Case of Alþingi Protestor Referred to District Prosecutor

alþingi protestor

According to Morgunblaðið, the case concerning an asylum seeker who protested this past spring at Alþingi has been referred to the district prosecutor.

Highly-Criticised Immigration Bill Passed in Iceland

The incident occurred on March 4 while Guðrún Hafsteinsdóttir, the Minister of Justice, was at the podium presenting presenting proposed changes to the controversial immigration bill. The man, an asylum seeker from Iraq, shouted “you don’t have a heart” and climbed over a handrail in the upper gallery of the Alþingi hall. The man was removed by security guards.

Investigation concluded

According to Morgunblaðið, the investigation into the case has been concluded, and it was referred to the district prosecutor.

The prosecutor’s office has not yet taken up the case, and no further information is available.

Read more about the immigration bill that provoked the protest.

 

Icelandic As A Weapon

Eiríkur Rögnvaldsson is known both as a fervent defender of the language who advocates for its protection, as well as someone ready, willing, and able to shut down conversations about the language’s survival when they turn xenophobic, while at the same time fielding questions regarding history, etymology, and Icelandic inflections arguably one of the more […]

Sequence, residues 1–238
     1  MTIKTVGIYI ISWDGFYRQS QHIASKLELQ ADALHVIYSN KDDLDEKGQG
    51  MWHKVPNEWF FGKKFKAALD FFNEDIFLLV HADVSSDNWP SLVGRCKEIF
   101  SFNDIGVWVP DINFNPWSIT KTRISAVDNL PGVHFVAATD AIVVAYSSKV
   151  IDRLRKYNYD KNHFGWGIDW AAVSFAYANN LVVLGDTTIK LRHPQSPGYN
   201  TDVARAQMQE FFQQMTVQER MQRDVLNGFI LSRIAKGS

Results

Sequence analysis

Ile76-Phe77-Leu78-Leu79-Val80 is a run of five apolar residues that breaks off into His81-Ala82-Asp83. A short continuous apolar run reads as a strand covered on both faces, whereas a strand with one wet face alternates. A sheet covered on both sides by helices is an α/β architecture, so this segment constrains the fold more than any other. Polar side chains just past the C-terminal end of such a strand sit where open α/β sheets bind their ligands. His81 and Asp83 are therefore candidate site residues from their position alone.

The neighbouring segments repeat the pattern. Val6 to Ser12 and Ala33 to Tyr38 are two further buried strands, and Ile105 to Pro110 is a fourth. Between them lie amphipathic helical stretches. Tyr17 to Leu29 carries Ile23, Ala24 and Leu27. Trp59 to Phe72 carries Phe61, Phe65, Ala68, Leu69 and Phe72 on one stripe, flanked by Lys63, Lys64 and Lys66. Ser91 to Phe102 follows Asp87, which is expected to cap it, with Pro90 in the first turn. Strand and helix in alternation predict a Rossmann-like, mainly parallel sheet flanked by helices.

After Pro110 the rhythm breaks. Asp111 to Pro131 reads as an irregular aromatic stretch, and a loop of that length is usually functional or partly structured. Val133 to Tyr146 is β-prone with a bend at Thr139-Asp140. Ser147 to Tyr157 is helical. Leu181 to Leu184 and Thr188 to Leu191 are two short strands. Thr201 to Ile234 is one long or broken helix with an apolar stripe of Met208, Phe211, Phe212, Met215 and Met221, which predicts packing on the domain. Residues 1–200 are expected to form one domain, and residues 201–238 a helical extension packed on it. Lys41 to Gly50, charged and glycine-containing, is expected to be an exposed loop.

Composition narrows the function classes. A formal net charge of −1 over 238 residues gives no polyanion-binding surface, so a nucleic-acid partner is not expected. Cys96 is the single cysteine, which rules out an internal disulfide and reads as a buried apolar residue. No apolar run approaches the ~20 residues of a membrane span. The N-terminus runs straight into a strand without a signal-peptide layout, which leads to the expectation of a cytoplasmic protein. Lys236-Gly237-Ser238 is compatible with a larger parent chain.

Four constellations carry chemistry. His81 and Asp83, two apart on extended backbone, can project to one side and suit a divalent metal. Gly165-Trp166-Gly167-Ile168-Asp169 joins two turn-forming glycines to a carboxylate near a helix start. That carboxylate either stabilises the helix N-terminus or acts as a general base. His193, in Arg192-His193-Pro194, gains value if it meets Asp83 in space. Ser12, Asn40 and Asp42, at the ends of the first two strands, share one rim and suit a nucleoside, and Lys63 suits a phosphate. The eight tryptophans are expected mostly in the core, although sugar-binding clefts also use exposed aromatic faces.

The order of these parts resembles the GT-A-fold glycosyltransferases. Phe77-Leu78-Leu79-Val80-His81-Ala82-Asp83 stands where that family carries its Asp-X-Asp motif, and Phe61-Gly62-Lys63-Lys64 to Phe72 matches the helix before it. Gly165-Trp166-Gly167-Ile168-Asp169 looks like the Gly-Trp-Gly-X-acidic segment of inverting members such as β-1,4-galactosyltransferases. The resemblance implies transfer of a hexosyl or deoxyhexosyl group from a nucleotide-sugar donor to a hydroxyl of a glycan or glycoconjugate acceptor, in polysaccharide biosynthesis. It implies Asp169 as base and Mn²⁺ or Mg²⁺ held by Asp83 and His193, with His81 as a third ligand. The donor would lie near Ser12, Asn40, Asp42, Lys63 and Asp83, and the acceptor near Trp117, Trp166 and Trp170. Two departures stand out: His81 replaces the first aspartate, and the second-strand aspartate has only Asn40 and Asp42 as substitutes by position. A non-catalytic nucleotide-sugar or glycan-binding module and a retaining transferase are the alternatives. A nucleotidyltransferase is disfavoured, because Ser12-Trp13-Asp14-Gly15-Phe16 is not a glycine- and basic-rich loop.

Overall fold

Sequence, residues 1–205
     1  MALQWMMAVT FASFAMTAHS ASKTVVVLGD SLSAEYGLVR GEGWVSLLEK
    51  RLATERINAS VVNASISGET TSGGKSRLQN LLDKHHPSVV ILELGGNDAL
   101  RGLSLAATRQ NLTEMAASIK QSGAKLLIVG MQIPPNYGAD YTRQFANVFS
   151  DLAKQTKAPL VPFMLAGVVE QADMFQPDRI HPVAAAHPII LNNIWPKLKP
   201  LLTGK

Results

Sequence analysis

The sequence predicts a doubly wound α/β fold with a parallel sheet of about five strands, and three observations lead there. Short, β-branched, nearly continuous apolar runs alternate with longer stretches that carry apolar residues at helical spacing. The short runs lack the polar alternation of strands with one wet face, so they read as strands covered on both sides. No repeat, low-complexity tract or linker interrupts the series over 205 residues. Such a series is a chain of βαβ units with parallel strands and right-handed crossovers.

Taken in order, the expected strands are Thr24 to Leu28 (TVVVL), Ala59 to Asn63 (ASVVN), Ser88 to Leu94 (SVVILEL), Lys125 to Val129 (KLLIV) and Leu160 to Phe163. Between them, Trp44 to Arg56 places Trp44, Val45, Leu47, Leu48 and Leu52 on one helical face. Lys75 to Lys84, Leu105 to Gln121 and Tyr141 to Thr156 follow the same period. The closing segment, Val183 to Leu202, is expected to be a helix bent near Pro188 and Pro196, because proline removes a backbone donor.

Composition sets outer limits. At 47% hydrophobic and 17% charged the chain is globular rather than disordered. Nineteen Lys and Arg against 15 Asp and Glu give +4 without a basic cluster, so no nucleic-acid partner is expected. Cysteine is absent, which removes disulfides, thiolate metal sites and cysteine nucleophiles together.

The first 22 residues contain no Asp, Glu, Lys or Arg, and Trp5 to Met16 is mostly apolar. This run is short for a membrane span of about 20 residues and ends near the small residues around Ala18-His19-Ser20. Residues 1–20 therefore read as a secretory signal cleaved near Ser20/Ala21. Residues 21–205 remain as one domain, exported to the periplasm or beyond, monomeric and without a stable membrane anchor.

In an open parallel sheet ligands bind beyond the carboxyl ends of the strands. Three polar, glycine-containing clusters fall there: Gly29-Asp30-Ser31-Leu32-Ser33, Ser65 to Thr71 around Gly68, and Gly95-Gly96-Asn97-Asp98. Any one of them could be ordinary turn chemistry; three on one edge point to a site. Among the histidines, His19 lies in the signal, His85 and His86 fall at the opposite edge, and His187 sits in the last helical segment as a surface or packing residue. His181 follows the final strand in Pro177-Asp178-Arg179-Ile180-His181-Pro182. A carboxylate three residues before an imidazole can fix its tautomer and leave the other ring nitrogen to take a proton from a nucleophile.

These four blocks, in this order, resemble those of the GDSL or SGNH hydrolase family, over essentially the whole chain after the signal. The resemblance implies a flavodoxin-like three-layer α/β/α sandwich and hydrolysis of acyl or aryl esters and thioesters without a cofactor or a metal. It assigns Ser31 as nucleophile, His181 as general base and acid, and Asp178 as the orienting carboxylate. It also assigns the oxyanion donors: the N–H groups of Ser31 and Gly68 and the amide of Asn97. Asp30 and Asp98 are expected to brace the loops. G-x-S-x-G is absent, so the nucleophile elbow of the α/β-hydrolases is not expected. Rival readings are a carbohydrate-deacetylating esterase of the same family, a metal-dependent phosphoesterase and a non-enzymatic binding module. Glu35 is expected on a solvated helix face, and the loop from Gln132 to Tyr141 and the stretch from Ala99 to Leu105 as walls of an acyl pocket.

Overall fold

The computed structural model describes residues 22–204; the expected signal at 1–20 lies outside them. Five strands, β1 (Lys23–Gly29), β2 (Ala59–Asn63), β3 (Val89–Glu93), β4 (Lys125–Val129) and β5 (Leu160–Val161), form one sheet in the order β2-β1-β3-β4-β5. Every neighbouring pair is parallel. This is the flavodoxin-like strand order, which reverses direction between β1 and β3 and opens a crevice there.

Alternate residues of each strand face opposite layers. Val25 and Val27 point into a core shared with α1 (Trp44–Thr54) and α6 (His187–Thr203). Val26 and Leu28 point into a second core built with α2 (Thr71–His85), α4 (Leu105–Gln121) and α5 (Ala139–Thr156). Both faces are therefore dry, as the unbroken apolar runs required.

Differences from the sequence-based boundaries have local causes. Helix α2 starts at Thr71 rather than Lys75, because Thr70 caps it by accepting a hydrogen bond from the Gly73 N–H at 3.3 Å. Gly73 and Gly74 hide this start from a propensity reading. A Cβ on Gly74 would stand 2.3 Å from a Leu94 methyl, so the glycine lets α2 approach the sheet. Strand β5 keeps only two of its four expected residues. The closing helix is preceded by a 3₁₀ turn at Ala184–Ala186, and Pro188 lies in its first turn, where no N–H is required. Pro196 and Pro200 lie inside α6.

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Coordinate Support for Foreign Students Across Iceland

Reykjavík school

Iceland’s new Directorate of Education and School Services will consolidate the reception of children of foreign origin into Iceland’s school systems on a national level, RÚV reports. Its director says there is no need to reinvent the wheel at each school when it comes to supporting foreign students. The Directorate will also implement Icelandic and maths competency testing to replace current standardised tests.

New database and student assessments

The Directorate is a new institution that began operations on April 1. It aims to promote excellent education for all children in Iceland through strong support and targeted services for preschools, primary schools, and secondary schools across the country.